“I don’t care what your dad said. Give it to me, before I come over there and take it from you, you little jerk.” Ted towered over young Bob, but Bob met his gaze squarely. “Stop staring at me, and give me that slingshot. Don’t make me hurt you.”
“Well, I guess you can try it out. But then you have to give it back.” Before Bob could finish speaking, Ted had yanked the slingshot out of his hand. He loaded a rather large stone into the sling and pulled the tubing back fiercely. “That won’t shoot”, Bob informed, “the rock is too big. You need to find a smaller one.”
“You need to shut up, so I can aim. If I miss, I’ll kick your puny little butt.” As he spoke, Ted aimed at a car, parked near the last house on the lane.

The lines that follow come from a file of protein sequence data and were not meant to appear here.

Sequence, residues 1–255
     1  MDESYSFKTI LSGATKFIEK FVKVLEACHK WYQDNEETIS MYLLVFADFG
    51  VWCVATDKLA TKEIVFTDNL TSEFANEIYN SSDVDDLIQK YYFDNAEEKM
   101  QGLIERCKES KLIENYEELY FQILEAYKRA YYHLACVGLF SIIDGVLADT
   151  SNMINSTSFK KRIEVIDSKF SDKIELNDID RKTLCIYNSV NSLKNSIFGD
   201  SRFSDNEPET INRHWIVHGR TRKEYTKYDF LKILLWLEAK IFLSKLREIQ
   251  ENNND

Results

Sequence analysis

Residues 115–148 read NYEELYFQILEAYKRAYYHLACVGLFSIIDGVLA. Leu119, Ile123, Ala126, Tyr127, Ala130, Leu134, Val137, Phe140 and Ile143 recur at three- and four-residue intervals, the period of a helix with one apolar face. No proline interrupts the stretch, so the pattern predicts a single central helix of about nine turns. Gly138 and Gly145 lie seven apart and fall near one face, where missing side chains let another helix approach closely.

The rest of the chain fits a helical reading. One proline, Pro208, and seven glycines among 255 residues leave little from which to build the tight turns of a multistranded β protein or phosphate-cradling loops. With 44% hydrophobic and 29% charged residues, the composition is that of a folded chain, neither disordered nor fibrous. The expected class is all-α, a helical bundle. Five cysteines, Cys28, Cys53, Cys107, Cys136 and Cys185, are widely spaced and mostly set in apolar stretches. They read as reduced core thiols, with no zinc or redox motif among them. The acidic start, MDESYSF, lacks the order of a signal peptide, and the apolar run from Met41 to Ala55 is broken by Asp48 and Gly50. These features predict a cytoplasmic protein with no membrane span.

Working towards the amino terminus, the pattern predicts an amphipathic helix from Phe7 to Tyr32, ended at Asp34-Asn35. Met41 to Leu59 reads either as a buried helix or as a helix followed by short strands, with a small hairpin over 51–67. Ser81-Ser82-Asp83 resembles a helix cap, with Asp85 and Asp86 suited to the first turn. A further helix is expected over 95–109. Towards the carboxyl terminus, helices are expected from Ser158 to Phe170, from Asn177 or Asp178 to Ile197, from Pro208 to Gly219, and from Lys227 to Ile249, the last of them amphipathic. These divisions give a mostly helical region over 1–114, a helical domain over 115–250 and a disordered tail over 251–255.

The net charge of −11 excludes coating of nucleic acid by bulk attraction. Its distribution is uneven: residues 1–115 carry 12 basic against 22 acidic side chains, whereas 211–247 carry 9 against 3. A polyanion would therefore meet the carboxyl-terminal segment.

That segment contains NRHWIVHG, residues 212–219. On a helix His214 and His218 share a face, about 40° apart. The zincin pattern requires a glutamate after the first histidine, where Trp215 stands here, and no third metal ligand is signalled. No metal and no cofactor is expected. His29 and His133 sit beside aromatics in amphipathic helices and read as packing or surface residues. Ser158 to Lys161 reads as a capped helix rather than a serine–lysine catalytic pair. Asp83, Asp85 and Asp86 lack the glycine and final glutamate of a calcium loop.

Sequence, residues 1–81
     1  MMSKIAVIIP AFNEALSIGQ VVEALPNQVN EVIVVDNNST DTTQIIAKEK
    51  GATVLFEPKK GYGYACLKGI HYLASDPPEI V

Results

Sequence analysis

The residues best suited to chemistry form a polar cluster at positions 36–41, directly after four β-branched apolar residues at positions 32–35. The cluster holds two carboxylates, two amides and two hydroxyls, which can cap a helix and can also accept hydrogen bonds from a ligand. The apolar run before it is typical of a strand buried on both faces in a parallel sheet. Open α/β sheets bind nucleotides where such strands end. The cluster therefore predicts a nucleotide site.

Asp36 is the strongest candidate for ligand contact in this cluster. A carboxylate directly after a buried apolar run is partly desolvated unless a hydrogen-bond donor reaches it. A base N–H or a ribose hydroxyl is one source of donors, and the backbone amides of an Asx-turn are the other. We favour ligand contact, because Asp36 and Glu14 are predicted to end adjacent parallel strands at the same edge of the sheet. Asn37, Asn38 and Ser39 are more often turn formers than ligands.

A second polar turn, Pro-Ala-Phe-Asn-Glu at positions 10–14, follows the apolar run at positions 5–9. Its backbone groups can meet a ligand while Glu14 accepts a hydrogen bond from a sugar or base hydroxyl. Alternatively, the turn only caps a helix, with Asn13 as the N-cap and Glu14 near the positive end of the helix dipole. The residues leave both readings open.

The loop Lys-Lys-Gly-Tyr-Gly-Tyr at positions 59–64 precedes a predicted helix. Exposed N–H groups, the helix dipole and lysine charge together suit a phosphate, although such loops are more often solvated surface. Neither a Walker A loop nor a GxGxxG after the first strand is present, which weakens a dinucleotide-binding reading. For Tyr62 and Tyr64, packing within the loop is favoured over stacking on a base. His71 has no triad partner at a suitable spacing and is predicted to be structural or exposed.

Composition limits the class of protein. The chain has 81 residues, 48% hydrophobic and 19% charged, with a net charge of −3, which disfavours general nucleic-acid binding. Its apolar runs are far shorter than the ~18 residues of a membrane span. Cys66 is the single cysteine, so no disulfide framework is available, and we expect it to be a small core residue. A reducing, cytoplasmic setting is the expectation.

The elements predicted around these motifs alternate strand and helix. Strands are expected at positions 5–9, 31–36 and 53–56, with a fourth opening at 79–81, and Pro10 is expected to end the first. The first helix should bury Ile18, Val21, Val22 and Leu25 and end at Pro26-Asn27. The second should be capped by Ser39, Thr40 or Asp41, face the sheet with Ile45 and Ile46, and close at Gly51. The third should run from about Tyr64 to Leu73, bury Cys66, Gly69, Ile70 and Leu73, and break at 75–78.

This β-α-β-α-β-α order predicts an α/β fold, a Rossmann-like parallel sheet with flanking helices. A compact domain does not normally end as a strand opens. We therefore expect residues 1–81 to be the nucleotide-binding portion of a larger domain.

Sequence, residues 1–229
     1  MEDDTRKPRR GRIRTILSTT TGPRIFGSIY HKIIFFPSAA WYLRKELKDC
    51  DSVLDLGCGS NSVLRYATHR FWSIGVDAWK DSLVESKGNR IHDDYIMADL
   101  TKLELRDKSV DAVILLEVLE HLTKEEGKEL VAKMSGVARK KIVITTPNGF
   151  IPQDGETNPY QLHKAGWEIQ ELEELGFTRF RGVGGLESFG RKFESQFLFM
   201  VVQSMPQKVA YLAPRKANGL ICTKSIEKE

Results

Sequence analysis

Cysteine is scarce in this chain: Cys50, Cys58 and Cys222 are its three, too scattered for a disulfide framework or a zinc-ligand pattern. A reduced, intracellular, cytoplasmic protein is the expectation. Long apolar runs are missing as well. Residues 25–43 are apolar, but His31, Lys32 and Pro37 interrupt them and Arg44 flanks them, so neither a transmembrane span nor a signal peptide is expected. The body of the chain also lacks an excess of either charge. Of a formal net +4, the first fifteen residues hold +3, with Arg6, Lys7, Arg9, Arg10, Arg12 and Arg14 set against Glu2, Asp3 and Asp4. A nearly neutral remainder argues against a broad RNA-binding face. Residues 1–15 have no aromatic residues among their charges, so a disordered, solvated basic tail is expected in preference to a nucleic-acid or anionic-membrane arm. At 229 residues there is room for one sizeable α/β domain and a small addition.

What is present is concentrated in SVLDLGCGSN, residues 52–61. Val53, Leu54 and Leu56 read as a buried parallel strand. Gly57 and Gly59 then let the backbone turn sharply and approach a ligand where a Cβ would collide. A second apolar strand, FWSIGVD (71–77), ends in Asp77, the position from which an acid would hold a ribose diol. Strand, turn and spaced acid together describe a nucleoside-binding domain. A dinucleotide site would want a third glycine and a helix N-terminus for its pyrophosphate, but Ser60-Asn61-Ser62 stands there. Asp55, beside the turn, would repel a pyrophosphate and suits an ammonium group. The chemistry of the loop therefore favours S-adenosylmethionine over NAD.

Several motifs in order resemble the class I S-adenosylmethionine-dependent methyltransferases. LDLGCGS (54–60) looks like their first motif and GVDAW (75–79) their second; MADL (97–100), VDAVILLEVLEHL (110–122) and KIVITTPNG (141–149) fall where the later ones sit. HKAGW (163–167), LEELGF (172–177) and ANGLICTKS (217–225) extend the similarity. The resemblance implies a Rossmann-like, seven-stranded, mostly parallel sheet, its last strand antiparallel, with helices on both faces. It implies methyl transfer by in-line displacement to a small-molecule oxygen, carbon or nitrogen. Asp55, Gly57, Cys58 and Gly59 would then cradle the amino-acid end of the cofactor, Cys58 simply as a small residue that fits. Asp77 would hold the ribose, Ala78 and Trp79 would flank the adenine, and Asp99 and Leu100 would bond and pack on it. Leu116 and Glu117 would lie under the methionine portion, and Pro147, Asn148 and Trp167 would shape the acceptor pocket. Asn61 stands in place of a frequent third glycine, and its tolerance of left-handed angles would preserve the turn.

“You aren’t allowed to aim at cars. No people, pets, or property. That’s the rule. Our dad said.” Mindy looked worriedly, as Ted let the rock fly. It soared perfectly through the air, and crashed through the rear window of the van, leaving an almost perfectly round hole.
“That rocks!” Ted turned and aimed up in the tree, to a squirrel, perched cautiously on a branch. Before the children could object, the dead squirrel landed near their feet. It’s tiny body twitched, head bleeding, for only a few seconds.
Mindy began crying, walking toward their bikes. “Umm. I need my slingshot back. It’s time for us to go.” Bob tried to sound brave. Inside, he feared Ted, and he worried what daddy would say when he heard about the broken window.